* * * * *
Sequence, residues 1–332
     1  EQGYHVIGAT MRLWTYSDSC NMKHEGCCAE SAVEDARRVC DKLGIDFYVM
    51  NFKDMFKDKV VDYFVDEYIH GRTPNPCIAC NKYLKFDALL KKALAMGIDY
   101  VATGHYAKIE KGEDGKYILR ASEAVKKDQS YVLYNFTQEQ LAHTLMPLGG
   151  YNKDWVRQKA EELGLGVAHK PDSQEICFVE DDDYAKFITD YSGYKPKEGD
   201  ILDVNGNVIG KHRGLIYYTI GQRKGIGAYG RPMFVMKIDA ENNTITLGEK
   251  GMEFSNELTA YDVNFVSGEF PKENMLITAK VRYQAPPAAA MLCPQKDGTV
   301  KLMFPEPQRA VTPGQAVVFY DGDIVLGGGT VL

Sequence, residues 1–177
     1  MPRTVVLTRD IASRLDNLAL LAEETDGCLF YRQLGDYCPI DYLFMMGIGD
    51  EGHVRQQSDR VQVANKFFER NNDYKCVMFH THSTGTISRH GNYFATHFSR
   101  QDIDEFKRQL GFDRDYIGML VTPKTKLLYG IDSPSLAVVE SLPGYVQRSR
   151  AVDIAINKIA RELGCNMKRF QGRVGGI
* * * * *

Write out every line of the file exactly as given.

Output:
Sequence, residues 1–332
     1  EQGYHVIGAT MRLWTYSDSC NMKHEGCCAE SAVEDARRVC DKLGIDFYVM
    51  NFKDMFKDKV VDYFVDEYIH GRTPNPCIAC NKYLKFDALL KKALAMGIDY
   101  VATGHYAKIE KGEDGKYILR ASEAVKKDQS YVLYNFTQEQ LAHTLMPLGG
   151  YNKDWVRQKA EELGLGVAHK PDSQEICFVE DDDYAKFITD YSGYKPKEGD
   201  ILDVNGNVIG KHRGLIYYTI GQRKGIGAYG RPMFVMKIDA ENNTITLGEK
   251  GMEFSNELTA YDVNFVSGEF PKENMLITAK VRYQAPPAAA MLCPQKDGTV
   301  KLMFPEPQRA VTPGQAVVFY DGDIVLGGGT VL

Sequence, residues 1–177
     1  MPRTVVLTRD IASRLDNLAL LAEETDGCLF YRQLGDYCPI DYLFMMGIGD
    51  EGHVRQQSDR VQVANKFFER NNDYKCVMFH THSTGTISRH GNYFATHFSR
   101  QDIDEFKRQL GFDRDYIGML VTPKTKLLYG IDSPSLAVVE SLPGYVQRSR
   151  AVDIAINKIA RELGCNMKRF QGRVGGI